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Origin and Habitat: South Africa, Mpumalanga mainly in the vicinity of Kaapsehoop.
Habitat and Ecology: Mountains. Found in a few localities on the southern escarpment, in sandy, rocky grassland. It grows in white sandy quartzite-derived soils near the village of Kaapsche Hoop. The population trend is stable.
- Brachystelma bruceae R.A.Dyer
Description: Brachystelma bruceae is a diminutive floral gem of the mountains of Mpumalanga where it often goes unnoticed. It is a perennial herbaceous plant with slim, dark red prostrate stems radiating from a a medium-sized round tuber. Paired small heart-shaped leaves adorn these shoots, they are dark green with red midribs and have a slightly metallic appearance. The star-shaped, solitary flower, at most 10 mm wide, is a rich ruby, or purple-maroon, shiny and without hairs. It opens flat and has a conspicuous corona. Minute sepals peep out between the corolla lobes.
Derivation of specific name: This species was named after Miss Eileen A. Bruce (1905– 1955), British botanist at Kew who worked on African plants and also worked in South Africa 1946–1952.
Tuber (caudex): Flattened, 5-7 cm in diameter, mostly underground often with slightly bowl-shaped central area.
Stem: Aerial shoot, several, prostrate, to 20 cm long, branching from the base to 20 cm long, stiffly hairy, purple.
Leaves: Shortly petiolate, arranged in an alternate or opposite position, ovate, somewhat fleshy, 10-15 mm long, 5-10 mm broad, upper face and midrib hispid
Inflorescence: Sessile, one-flowered produced towards the shoot ends. Pedicels 7-15 mm long, hairy. Sepals lanceolate-subulate, c. 3 mm long, spreading, roughly hairy. Corolla, star-shaped, 10-16 mm in diameter, purple to pale brown-red, smooth. Corolla-tube nearly flat, short. Corolla-lobes 4-6 mm long, triangular to ovate-lanceolate, margins somewhat revolute. Corona sessile, overtopping the corolla, purple to pale brown-red, c. 3 mm across, basally united and cup-shaped. Outer corona-lobes pouch-like, outer margin emarginate. Inner corona-lobes shortly linear, incumbent on the anthers.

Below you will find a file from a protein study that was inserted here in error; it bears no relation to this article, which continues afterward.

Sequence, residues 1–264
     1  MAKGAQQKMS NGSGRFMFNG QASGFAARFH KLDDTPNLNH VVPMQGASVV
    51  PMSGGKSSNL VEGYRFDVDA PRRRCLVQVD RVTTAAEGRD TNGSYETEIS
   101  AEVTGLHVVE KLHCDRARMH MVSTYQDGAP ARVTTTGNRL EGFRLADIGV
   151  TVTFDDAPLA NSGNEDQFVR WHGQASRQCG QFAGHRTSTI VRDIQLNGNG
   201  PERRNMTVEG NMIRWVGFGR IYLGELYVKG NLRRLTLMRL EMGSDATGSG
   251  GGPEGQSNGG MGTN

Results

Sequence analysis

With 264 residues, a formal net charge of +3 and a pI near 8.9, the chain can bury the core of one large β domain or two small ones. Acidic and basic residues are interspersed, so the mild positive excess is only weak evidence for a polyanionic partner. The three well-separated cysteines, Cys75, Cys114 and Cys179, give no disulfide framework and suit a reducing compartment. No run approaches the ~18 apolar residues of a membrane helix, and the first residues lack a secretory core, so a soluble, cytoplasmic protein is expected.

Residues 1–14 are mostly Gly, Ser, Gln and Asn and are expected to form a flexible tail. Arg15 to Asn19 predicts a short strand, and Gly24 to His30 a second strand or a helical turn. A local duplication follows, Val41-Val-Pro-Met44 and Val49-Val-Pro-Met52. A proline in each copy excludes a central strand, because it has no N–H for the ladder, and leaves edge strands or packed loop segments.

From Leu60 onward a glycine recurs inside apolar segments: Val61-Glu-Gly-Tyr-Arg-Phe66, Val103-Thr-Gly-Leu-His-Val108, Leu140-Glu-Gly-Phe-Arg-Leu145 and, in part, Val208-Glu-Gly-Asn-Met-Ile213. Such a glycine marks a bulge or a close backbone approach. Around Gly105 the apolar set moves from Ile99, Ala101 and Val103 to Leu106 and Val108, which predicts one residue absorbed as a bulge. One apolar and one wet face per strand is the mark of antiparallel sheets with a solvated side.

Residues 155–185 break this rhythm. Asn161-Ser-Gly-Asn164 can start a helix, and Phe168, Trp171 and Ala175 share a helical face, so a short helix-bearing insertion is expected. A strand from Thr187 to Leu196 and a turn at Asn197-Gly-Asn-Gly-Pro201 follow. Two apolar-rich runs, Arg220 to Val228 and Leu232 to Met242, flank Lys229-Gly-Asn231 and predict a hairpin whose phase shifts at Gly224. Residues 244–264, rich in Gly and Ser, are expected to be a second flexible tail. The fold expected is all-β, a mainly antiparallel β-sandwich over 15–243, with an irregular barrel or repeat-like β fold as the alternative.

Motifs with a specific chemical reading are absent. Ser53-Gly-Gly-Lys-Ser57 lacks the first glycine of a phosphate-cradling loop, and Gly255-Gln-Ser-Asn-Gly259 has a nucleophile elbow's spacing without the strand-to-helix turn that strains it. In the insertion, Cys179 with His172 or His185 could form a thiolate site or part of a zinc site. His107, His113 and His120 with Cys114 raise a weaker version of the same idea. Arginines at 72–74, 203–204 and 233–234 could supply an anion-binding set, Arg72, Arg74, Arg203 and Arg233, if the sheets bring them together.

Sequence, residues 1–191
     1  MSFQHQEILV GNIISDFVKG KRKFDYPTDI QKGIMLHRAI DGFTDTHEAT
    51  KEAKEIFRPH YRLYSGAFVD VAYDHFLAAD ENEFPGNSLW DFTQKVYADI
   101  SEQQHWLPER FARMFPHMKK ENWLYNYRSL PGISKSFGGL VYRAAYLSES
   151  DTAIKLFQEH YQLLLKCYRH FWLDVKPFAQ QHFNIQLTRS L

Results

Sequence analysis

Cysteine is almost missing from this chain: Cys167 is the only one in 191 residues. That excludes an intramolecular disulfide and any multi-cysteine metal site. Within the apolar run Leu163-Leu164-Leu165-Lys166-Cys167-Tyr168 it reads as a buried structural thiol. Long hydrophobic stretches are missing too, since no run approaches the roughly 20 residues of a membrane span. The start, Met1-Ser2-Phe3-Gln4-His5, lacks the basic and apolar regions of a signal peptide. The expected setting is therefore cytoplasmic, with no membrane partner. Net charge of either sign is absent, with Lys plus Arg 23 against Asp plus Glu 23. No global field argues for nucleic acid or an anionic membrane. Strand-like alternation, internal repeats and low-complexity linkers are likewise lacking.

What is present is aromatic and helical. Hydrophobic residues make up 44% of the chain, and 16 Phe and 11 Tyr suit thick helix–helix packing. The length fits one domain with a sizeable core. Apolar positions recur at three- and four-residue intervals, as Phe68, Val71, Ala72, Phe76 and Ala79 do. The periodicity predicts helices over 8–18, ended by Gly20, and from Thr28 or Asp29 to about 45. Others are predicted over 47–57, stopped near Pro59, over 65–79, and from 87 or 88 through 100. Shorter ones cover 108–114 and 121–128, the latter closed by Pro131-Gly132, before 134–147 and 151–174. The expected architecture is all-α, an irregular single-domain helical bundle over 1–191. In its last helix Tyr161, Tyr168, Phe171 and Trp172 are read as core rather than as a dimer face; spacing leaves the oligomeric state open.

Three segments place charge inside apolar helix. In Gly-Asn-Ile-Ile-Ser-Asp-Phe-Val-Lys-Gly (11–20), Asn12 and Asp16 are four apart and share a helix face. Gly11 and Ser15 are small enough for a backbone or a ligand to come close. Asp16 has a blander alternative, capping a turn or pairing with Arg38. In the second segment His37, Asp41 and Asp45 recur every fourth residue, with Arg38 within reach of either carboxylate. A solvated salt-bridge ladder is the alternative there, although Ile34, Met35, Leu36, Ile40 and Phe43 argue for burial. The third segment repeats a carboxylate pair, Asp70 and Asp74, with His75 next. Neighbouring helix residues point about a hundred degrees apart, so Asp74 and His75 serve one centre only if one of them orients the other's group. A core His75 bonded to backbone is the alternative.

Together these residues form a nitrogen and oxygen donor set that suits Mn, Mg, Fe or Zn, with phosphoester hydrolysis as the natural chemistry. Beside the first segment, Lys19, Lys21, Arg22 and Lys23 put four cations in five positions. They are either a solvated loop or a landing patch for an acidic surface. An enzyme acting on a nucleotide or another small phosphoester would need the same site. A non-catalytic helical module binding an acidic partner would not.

Blooming season: Flowering time is mainly summer.
Fruits (follicles): One or two follicles per flower,
Similar species: Brachystelma bruceae is very similar in habit and flower morphology to Brachystelma pulchellum, but has larger, concolorous, purple-chocolate flowers, while in typical B. pulchellum from Natal the slightly saucer-shaped corolla is consistently smaller, and it has a shallower outer corona.
Bibliography: Major references and further lectures
1) Focke Albers, Ulrich Meve “Illustrated Handbook of Succulent Plants: Asclepiadaceae: Asclepiadaceae”, Volume 4 Springer Science & Business Media, 2002
2) Dyer, R.A. 1980. “Brachystelma, Ceropegia and Riocreuxia.” In: O.A. Leistner (ed). Flora of Southern Africa 27 Part 4:1-88. Botanical Research Institute, Pretoria.
3) Dyer, R.A. 1983. “Ceropegia, Brachystelma and Riocreuxia in southern Africa.” A.A. Balkema, Rotterdam, Netherlands.
4) J.P. Roux “Flora of South Africa”, 2003
5) Foden, W. & Potter, L. 2005. "Brachystelma bruceae R.A.Dyer subsp. bruceae". National Assessment: Red List of South African Plants version 2015.1. Accessed on 2016/01/14
6) Jo Onderstall “Sappi - Wild flowers guide: Mpumalanga & Northern Province” Jacana Media 1996
7) Gideon Smith, Neil R. Crouch “Guide to Succulents of Southern Africa” Struik Nature, 2009
8) Urs Eggli, Leonard E. Newton “Etymological Dictionary of Succulent Plant Names” Springer Science & Business Media, 29 June 2013
Brachystelma bruceae Photo by: Sándor Horváth
Brachystelma bruceae Photo by: Sándor Horváth
Cultivation and Propagation: Brachystelma bruceae is hardy in cultivation.
Soil: It grows best in deep earthenware pots in a very draining but rich soil. An error in cultivation may produce unsightly holes in the tuber.
Exposure: In cultivation the plants are usually grown in semi shade, with the tubers wholly or (preferably) partially exposed to prevent scorching and rotting of the roots. When the plants are kept in half a day's sunlight their natural compact habit is maintained, a characteristic feature of most plants in habitat
Hardiness: It should be overwintered in the greenhouse at temperatures over 12°C (avoid letting temperatures drop lower than 5° C).
Water requirements: This plant can take a good deal of water during active growth and should be watered only when not dormant. Keep dryish in winter.
Traditional uses: The tuber is sometimes eaten by the Hottentots and called Hottentot's bread, when eaten raw it tastes bitter.
Reproduction: This species can be reproduced by seeds.
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